A day later, Superior Court Commissioner Steven E. Ipson issued a 10-page order granting the request, the sources said. These documents are not publicly available because state law requires a lengthy review before releasing the full case files in child fatality cases.

Around the same time, DCFS workers learned of allegations that Noah had been sodomized and had injuries to his rectum, according to a DCFS case file read to The Times by one of the sources. Still, caseworkers did not return Noah to foster care.

At a news conference Tuesday held before information about the DCFS history emerged, L.A. County Supervisor Kathryn Barger said, “My team and I will be monitoring this case very closely as things unfold to ensure transparency … and accountability — something that Noah deserves.”

Barger’s spokesman was unable to say Wednesday whether there were other removal orders that also had not been executed, and Barger declined an interview request.

DCFS Director Bobby Cagle did not respond to requests for comment Wednesday and did not appear at Tuesday’s news conference on the case.

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Noah’s maternal great-grandmother Eva Hernandez, 72, said that Noah lived in a number of foster homes during his young life and that she was one of the people DCFS caseworkers approved to care for him.

While she served as Noah’s foster parent, Hernandez said, she facilitated visits by his mother and became increasingly concerned about her granddaughter’s ability to care for him, sometimes calling DCFS caseworkers about her worries.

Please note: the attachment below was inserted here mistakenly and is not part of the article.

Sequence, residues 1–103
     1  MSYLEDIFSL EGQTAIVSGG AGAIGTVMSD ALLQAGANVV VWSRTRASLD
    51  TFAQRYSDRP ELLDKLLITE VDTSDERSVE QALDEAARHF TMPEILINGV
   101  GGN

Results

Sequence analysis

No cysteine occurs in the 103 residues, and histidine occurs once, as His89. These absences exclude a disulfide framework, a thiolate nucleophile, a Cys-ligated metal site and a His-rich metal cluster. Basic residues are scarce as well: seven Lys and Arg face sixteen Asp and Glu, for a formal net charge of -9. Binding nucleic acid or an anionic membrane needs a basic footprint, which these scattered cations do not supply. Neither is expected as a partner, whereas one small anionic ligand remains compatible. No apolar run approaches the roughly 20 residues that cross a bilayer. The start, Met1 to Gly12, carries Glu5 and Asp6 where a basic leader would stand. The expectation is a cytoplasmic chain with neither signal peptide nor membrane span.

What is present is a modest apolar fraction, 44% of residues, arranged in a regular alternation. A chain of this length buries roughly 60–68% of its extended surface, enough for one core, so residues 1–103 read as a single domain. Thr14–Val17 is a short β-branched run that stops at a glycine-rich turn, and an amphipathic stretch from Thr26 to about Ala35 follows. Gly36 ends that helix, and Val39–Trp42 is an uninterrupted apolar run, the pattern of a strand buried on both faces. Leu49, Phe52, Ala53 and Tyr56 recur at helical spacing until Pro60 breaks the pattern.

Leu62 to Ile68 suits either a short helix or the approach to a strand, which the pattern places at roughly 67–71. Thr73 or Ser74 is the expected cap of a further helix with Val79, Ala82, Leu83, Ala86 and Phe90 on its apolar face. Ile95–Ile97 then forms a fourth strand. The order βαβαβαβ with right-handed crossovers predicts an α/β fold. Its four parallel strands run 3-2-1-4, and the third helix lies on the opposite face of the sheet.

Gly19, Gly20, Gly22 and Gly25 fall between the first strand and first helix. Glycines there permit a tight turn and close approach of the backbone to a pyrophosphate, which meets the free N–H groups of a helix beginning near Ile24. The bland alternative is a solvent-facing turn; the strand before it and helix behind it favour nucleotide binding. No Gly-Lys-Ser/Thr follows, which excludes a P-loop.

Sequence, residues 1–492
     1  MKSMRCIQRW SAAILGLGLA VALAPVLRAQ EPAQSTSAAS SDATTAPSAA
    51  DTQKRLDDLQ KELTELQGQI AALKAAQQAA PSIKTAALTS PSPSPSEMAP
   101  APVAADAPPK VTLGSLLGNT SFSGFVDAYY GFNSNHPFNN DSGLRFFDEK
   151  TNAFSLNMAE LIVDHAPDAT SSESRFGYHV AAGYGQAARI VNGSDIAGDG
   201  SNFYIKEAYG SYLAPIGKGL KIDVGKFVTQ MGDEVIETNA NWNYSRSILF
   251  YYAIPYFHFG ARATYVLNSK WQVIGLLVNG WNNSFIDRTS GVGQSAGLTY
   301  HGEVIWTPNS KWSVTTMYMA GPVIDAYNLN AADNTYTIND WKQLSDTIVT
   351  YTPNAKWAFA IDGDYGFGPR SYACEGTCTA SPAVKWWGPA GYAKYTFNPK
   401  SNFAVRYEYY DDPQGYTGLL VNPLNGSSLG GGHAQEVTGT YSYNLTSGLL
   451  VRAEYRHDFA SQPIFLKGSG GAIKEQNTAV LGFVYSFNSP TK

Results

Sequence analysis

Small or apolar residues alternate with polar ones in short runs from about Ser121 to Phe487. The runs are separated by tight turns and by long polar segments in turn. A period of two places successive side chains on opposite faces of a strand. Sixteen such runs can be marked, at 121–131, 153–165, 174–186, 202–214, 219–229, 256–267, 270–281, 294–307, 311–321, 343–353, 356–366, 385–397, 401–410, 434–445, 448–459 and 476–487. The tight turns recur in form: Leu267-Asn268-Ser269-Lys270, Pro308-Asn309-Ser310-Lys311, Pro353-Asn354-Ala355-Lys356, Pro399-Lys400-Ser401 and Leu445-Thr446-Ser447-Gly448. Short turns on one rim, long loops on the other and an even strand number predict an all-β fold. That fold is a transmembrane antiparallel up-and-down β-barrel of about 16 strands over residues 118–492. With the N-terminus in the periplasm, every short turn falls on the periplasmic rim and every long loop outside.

“‘Grandma,’” she recalled Noah telling her, “‘You can’t let me go. You can’t let me go.’ He’s looking at me, begging me not to let him go, and I had to let him go.”

Still, despite the turmoil, she recalled Noah as having “such character, so much charisma.”

“Anywhere we went,” she said, “he would stop and talk to people. We would be in the market and he would say, ‘My name is Noah, what’s your name?’”

In May, the state auditor, Elaine Howe, issued a blistering report on DCFS’ performance, saying the department was slow to investigate allegations of abuse and left children in unsafe conditions at an alarming rate.

Howe also reported that although the county had extensively studied past child fatality cases — yielding key recommendations that would save lives — Cagle had implemented no reliable process to ensure the recommendations from these reviews were implemented.

The department’s child fatality cases have been concentrated in the Antelope Valley — 8-year-old Gabriel Fernandez and 10-year-old Anthony Avalos each died a short drive from Noah’s home.

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Evaluators have noted that the department staffers in the Antelope Valley tend to be less experienced and the cases more numerous and complex.

Outside resources to help troubled families with counseling, housing and substance abuse also are more scarce.

Therolf and Stamos write for the Investigative Reporting Program at UC Berkeley.